Although the planting of Mediterranean varieties from Greece, Spain and Portugal is in vogue, it’s the potential of those from Italy that really seems to be exciting winemakers Down Under.

Historically, as André Bondar, at McLaren Vale’s Mitolo, records: “Australia used to plant French varieties regardless,” but today growers are realising that many Italian grapes are more suitable to certain climates in Australia.

For Corrina Wright, director at McLaren Vale grower and producer Oliver’s Taranga: “Italian varieties in general are gaining traction because they have high natural acidity and a lovely texture and they are well adapted to heat spikes.”

Notably she has planted five acres of Sagrantino. “We’ve had it for 12 years and it’s hard to grow and low cropping, but produces wines with fabulous tannins.” She would like to plant white grape Greco too, she says, but has run out of vineyard space.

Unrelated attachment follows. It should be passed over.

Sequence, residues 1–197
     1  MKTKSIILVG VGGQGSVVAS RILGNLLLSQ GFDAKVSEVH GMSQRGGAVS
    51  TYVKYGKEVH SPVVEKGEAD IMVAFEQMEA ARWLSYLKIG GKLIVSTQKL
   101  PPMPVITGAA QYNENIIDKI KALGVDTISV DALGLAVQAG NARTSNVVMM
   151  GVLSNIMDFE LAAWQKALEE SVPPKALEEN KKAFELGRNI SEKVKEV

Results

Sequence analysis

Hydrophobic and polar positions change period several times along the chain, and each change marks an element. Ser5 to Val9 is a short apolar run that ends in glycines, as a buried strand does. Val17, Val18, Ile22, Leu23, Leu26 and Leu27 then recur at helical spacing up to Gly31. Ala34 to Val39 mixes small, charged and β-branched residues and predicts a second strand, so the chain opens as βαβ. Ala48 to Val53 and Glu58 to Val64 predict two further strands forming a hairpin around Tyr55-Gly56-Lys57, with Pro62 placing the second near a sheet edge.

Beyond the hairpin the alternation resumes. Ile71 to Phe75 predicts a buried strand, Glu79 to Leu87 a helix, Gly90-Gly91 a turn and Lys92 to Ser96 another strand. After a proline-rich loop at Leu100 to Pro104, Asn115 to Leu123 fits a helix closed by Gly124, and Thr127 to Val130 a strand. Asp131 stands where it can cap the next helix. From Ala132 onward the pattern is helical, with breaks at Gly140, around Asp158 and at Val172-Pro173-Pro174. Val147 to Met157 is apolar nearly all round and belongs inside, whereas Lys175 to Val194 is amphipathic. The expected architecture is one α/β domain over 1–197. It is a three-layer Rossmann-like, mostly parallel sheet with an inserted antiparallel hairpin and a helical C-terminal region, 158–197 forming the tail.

For many, Sangiovese elicits excitement. Coriole’s Mark Lloyd points out that he was the first to grow Sangiovese in the country, having planted it in 1985 in the McLaren Vale because, he recalls: “It was going to be the antithesis of big, sweet Shiraz.”

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Fire risk for South Australia high!

Fire risk for South Australia high!

 

Several parts of South Australia are facing ‘catastrophic’ fire risks over the next few days as temperatures across the region are expected to hit near-record levels.

 

Dozens of firefighters are already battling to keep a fire under control in the Sevenhill area of the Clare Valley, while temperatures in Adelaide are forecast to hit 44C tomorrow (Friday) – with the heatwave expected to last more than a week.

The Clare Valley blaze, which has so far remained within fire control lines, is burning across the wooded slopes overlooking vineyards near Sevenhill. To date no damage to vines or wineries has been reported.